Traffic 

A circular debate

Chuck Erickson, president of the Bonner-Milltown Community Council, expects fireworks at the council's next meeting, in January. That's when the council will take up a topic that attracts controversy like few others: roundabouts.

As the Montana Department of Transportation assesses how best to ease congestion at the convergence of Highway 200, Old Highway 10 and the entrance to the Town Pump's massive Interstate 90 truck stop—an area Erickson calls the "gateway to our community"—the agency is exploring whether a roundabout makes more sense than a conventional traffic signal. "It's a viable option and it's being seriously considered," says Shane Stack, MDT's Missoula-based preconstruction engineer.

Stack says that MDT is considering closing the existing intersection of Old Highway 10 and Highway 200 and funneling that traffic east down a new road connecting with 1st Street, which would intersect with Highway 200 at a new signal or roundabout in front of Town Pump. He estimates the project will cost between $1 and $2 million, paid for by federal and state transportation funds.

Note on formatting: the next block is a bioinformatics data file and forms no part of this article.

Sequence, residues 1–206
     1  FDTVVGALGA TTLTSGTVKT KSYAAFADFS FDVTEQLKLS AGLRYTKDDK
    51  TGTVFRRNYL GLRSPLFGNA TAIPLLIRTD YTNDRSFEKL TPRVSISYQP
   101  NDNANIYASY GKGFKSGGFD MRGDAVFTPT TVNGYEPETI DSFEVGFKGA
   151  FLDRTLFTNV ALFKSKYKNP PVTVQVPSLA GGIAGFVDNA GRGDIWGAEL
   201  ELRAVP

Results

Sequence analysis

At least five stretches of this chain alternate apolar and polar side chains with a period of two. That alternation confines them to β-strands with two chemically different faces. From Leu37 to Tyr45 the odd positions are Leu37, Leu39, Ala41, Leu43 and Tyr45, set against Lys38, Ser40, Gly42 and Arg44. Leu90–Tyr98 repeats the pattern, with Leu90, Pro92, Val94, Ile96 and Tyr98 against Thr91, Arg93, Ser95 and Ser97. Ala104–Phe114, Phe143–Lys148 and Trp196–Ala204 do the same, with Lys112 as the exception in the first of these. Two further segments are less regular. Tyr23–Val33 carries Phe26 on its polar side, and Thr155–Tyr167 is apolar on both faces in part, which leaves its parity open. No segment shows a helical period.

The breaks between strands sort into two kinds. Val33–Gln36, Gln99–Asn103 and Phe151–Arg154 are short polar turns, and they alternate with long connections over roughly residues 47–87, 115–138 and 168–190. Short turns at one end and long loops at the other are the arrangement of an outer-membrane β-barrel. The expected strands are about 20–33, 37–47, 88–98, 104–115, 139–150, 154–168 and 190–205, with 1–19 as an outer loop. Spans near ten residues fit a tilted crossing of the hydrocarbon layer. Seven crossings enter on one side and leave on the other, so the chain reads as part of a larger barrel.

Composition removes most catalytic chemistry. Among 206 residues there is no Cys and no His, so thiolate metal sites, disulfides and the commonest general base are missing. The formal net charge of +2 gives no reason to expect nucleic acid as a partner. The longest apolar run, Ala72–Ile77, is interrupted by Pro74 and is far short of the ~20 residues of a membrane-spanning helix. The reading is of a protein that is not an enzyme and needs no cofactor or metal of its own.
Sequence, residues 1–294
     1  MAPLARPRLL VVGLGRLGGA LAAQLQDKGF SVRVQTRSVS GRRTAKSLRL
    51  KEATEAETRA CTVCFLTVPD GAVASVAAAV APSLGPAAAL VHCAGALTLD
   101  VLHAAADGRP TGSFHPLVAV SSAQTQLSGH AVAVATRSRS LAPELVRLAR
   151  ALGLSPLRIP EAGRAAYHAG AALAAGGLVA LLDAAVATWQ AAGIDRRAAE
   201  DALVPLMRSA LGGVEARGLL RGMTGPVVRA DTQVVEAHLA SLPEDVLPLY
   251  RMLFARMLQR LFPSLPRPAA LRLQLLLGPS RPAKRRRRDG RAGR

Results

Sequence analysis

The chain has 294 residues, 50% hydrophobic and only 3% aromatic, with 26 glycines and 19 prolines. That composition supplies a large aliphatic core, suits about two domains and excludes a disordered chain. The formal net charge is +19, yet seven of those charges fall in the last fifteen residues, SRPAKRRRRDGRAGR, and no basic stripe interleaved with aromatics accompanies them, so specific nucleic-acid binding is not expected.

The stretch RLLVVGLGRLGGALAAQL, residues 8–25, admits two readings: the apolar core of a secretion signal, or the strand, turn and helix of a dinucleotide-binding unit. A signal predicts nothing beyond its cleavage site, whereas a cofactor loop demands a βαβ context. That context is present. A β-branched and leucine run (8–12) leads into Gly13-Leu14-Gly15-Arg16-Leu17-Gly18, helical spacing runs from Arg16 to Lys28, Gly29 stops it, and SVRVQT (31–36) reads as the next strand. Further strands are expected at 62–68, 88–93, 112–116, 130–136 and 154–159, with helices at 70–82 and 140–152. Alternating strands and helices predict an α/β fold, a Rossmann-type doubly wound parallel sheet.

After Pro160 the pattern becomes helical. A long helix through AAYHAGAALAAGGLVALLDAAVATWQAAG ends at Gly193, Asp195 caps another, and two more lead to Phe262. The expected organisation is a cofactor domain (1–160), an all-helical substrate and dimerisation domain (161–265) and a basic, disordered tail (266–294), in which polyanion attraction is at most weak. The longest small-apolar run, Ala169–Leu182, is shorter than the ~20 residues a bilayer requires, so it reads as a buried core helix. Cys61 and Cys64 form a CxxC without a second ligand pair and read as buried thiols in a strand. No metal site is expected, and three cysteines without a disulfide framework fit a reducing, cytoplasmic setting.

The Montana Legislature passed a resolution in 2005 encouraging the construction of roundabouts instead of right-angle intersections, largely because of safety considerations. One Insurance Institute for Highway Safety study found that converting intersections from signals or stop signs to roundabouts reduced injury crashes by 80 percent and all crashes by 40 percent.

But such statistics may not be enough to sway residents of Bonner and Milltown.

"I don't really see a roundabout working there, with the big trucks that go in and out," Erickson says. "It would have to be one humongous roundabout... A lot of the people in the community really would just like to have a traffic light there with pedestrian crossings. A roundabout seems like a neat way to go, but we've got quite a few truck drivers who live out here and they're all rolling their eyes at that idea."

MDT and WGM Group engineers will discuss the options at the Bonner-Milltown Community Council on Monday, Jan. 9 at 7 p.m., at the Bonner School Library.

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